Government needs to get out of the business of subsidizing selected businesses, period.   It's bad economics, since they invariably will only subsidize bad investments that the private sector has concluded aren't going to produce good returns; and it's bad for our civilization, since it's so obviously an opportunity for graft and corruption.

Girls of the Day - Elvis' Girls

For a kid like me who grew up in the 1960s, Saturday TV meant watching a lot of Elvis movies.   I suspect that most are unwatchable today, but at the time I thought Elvis was extra cool (didn't every extra cool guy break out into song spontaneously, with the added advantage of an unseen orchestra?).   So I thought I'd look back at the more obscure girls from some of his movies as my girls of the day.

First, there's Joan Blackman from Blue Hawaii:

Next, we have Anne Helm from Follow That Dream:

And here's Laurel Goodwin from Girls Girls Girls, with Elvis:

Next, here's Joan O'Brien from It Happened at the World's Fair:

Finally, here's Yvonne Craig from Kissin' Cousins:

If there's a pattern, I guess I'd have to say that someone was very consciously casting girls who were attractive in a wholesome way, but not so attractive that they would ever ever upstage Presley.   Joan O'Brien I remember vaguely from another movie, Operation Petticoat, where she played Tony Curtis' love interest, and Yvonne Craig later went on to be Batgirl on Batman, but other than that, they've pretty much all receded into obscurity, their fifteen minutes of fame (and reflected fame at that, overshadowed by Elvis) up.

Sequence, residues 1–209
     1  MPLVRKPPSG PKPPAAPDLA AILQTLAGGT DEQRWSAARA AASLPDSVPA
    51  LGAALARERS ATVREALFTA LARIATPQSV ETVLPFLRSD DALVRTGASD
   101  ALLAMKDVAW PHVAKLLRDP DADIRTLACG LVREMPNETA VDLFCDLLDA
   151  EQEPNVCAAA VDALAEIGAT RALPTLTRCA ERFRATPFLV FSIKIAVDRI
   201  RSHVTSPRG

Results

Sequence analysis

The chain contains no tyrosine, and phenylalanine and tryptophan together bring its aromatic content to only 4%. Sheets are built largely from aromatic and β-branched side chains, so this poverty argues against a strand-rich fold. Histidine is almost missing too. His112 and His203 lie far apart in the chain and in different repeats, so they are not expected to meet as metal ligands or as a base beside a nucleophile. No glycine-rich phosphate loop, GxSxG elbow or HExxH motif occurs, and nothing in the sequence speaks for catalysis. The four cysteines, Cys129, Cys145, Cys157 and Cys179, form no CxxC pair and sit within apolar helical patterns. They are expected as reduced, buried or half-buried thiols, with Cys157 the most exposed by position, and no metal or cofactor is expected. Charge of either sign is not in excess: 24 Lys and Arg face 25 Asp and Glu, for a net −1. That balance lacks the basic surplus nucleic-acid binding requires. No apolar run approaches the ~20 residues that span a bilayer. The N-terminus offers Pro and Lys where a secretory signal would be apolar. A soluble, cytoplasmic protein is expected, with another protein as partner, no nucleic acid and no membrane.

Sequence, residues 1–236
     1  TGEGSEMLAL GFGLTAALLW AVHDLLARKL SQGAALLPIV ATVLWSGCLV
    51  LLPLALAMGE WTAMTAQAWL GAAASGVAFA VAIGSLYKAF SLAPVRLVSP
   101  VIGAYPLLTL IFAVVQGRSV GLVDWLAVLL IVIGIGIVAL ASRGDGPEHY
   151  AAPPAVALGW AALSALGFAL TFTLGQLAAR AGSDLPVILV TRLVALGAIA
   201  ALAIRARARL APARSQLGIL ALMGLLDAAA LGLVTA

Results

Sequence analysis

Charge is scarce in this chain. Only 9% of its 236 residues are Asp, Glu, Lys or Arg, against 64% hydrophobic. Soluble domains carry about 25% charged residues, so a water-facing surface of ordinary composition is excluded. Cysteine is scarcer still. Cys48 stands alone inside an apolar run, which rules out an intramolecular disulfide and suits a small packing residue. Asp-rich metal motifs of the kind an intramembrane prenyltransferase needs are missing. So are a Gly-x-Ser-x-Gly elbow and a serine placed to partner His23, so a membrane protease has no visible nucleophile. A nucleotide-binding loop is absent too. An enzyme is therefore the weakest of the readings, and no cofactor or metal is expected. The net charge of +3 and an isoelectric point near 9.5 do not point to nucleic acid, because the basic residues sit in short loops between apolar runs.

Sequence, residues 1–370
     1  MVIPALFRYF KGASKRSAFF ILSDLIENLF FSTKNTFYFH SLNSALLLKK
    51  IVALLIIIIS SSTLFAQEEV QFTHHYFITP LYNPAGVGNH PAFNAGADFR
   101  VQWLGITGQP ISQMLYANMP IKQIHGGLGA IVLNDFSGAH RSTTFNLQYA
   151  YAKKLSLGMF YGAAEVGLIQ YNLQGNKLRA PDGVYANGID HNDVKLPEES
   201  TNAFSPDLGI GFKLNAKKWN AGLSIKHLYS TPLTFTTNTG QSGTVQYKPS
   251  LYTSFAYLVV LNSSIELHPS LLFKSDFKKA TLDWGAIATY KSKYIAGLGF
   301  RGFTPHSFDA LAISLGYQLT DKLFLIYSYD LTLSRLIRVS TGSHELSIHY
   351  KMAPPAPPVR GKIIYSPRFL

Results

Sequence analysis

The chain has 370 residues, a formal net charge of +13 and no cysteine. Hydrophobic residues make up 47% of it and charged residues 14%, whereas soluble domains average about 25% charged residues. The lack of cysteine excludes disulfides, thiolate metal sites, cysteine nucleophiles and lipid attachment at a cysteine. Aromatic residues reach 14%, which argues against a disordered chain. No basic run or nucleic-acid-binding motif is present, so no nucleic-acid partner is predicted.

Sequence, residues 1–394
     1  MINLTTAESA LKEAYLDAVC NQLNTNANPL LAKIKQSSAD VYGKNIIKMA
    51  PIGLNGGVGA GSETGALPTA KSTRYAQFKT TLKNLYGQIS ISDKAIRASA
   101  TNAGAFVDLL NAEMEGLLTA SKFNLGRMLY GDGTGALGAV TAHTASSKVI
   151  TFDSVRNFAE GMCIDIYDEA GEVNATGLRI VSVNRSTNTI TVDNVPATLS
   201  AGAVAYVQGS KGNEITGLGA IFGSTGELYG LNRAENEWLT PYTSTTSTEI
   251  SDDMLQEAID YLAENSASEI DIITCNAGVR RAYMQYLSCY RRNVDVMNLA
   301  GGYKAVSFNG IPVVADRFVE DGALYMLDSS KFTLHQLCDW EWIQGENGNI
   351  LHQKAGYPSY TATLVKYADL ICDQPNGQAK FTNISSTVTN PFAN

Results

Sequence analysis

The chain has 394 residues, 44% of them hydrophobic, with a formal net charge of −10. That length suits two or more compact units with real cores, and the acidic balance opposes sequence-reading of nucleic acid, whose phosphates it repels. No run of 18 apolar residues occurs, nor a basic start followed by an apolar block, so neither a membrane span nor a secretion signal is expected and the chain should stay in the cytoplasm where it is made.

Wednesday, September 28, 2011


I shouldn't jinx the Cardinals by blogging about them.   They have been an incredibly frustrating team this year, losing so many games that they should have won.   Their starting pitching has been mediocre; their bullpen, especially late in games was horrific, at least in the beginning of the year; their stars, Albert Pujols and Matt Holliday, have had down years; their middle-infield defense for most of the season was terrible, particularly in a town where the standard was set by Ozzie Smith; their best pitcher, Adam Wainwright, missed the whole year with Tommie John surgery, etc., etc.   And yet, if they win today and the Braves lose, the Cardinals would enter the playoffs on a roll, and go to Philadelphia, where they just beat the Phillies on the road 3 out of 4 games.   Then, perhaps, miraculously, the Cardinals might play the Brewers in the NLCS.   A month ago, this was all a pipe dream, when the Cardinals were 10.5 games back of the Braves.   Now they're tied, and it all might come true.  Or they might just give us one more frustration.